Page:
One of our ideas was to create Wikipedia articles that include illustrated ID tips, potentially useful to iNaturalist users. This has the advantage that the Wikipedia community will review, correct, and improve these illustrated descriptions without requiring iNaturalist programming or iNaturalist user effort.

I’ve created an example of this kind of Wikipedia article at https://en.wikipedia.org/wiki/Crepis_vesicaria_subsp._taraxacifolia that includes illustrated ID tips that I think would be useful to iNaturalist users.

It is photo-oriented, with plenty of useful ID tips in the captions and descriptions. I put in a subtitle of “Illustrated ID Tips” right above the good stuff, which we might want to use as a convention to point iNaturalist at the most useful part of the content.

Does this approach look appealing to you?

4 Likes

That’s good content, of a kind I really want to be able to add to iNaturalist taxon pages. Unfortunately, it doesn’t seem to have been automatically included on the iNat taxon page for Crepis vesicaria taraxacifolia. Maybe that’s something a curator can do? Edit: someone did it. Thanks, whoever you are!

I’m uncertain whether or not Wikipedia editors will permit this kind of content (https://en.wikipedia.org/wiki/Wikipedia:Core_content_policies). Just to be clear, I think they should permit this kind of content, and I’m certainly not going to draw the attention of any editors to this article, but I suspect some will argue your content should be deleted because it “isn’t verifiable” or is a synthesis of existing material and is therefore original research. This is one reason why I’ve been pushing for an iNaturalist-controlled wiki, where we could add unpublished ID tips without having to worry about deletion backed up by a site-wide policy.

3 Likes

Personally I don’t think we should use Wikipedia for this as part of an iNat community project. Of course I am not telling people not to add things to Wikipedia, and Wikipedia is a great thing I use often, but I think it’s better to either keep any ID tips within iNat so it is part of our community and not some bigger or different one… or else create some kind of parallel species ID wiki which sounds like a neat project but probably something none of us have time for. So yeah, i agree with @Jeremyhussell that an inat controlled Wiki is best. But maybe out of scope for the devs.

2 Likes

Wikipedia policies specifically state it is not a guide.
https://en.wikipedia.org/wiki/Wikipedia:What_Wikipedia_is_not#Wikipedia_is_not_a_manual,_guidebook,_textbook,_or_scientific_journal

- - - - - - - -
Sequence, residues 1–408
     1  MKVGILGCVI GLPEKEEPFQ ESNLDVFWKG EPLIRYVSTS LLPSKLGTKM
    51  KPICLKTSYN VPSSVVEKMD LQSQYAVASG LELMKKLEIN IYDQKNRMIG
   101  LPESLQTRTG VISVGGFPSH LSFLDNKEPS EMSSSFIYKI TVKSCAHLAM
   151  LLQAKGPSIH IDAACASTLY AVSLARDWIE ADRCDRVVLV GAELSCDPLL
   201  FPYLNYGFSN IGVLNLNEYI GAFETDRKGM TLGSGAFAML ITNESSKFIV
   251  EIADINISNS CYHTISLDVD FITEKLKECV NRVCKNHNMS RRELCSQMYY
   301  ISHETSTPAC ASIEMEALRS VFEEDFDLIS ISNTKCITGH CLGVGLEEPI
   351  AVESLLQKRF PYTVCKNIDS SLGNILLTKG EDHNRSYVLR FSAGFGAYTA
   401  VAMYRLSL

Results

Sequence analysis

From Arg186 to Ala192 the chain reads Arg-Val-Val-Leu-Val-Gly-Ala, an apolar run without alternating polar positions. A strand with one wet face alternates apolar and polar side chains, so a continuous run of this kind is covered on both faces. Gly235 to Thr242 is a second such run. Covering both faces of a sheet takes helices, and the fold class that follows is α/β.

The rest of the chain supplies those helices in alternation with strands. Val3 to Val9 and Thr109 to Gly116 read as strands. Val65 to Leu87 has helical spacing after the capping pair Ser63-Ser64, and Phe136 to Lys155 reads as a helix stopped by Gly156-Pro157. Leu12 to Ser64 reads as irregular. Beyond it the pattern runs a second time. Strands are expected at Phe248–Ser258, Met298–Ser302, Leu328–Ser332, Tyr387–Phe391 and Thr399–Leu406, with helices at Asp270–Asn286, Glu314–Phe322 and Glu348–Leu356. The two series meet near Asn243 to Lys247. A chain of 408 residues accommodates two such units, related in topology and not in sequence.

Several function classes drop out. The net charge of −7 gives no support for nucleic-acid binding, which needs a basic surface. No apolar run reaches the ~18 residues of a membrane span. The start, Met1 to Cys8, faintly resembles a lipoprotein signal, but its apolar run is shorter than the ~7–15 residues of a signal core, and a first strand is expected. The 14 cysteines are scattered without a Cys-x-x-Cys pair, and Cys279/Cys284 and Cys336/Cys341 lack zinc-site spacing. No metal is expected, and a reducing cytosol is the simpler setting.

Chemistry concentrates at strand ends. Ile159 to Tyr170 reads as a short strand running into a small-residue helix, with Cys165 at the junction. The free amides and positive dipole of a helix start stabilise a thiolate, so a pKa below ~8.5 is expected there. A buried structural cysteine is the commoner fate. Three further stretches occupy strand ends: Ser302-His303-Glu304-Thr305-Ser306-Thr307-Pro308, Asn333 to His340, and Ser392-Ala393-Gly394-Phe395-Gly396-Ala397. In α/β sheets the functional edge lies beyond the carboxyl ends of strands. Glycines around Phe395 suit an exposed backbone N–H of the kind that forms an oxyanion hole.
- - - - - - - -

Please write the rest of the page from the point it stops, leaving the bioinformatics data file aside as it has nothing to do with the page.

So I suspect if found, content of this nature would be removed.

1 Like

Detailed description of morphology is a key part of taxon pages on Wikipedia. The main related points are to a) ensure the information you are adding is referenced from a reliable source and b) phrase the content in such a way that is not

If you want to identify suchnsuch, measure the leaf and look at the edges. If the leaf is over 9 cm and the edges are wavy, it’s a suchnsuch.[some person told me on iNaturalist]

but rather

Suchnsuch has broad leaves 9–15 cm in width with wavy edges.[reliable reference]

@brucehs I made a few edits to your example taxon page and photo captions in Wikipedia if you want to take a look. Oh, and please feel free to shoot me a message here or via email (cassisaari@gmail.com) if you have other questions about Wikipedia. Happy to help.

3 Likes

I just read the section you suggested, and I think we may be able to add illustrations and captions to articles on plants without being accused of making a guide book. We’re adding useful content to types of pages that are already encouraged.

I’ve had lots of useful edits on the Wikipedia page referred to above, including some that affect the size of photos, but nobody is saying my content doesn’t belong.

Thanks for including the link to my Wikipedia article from your taxon page. I note that it is out of date (I’ve added more illustrated tips). Do your links automatically update from time to time?

Verification is a big deal at Wikipedia. Luckily there are a lot of good citable sources for ID tips like the Jepson EFlora. We just need to do a good job of translating from precise botanical terms to accurate everyday English.

Validating photos is harder, but not impossible. At PlantID.net, we use photographers and illustrators with a strong reputation, such as Neil Kramer, John Muir Laws, Keir Morse, etc. Another approach is to use evidence from local keys and have a local expert confirm the ID. If we’re careful to introduce well-documented ID photos, I’m hoping nobody will be called on to slap us on the wrist. Another way to get approved photos into our Wikipedia descriptions is to choose photos already posted to Wikimedia. For my phyllary article (still in draft form) I was able to use all pre-existing Wikimedia images.

1 Like

Thank you! I’ve gotten lots of edits to this article, and I’m pleased how it’s turning out.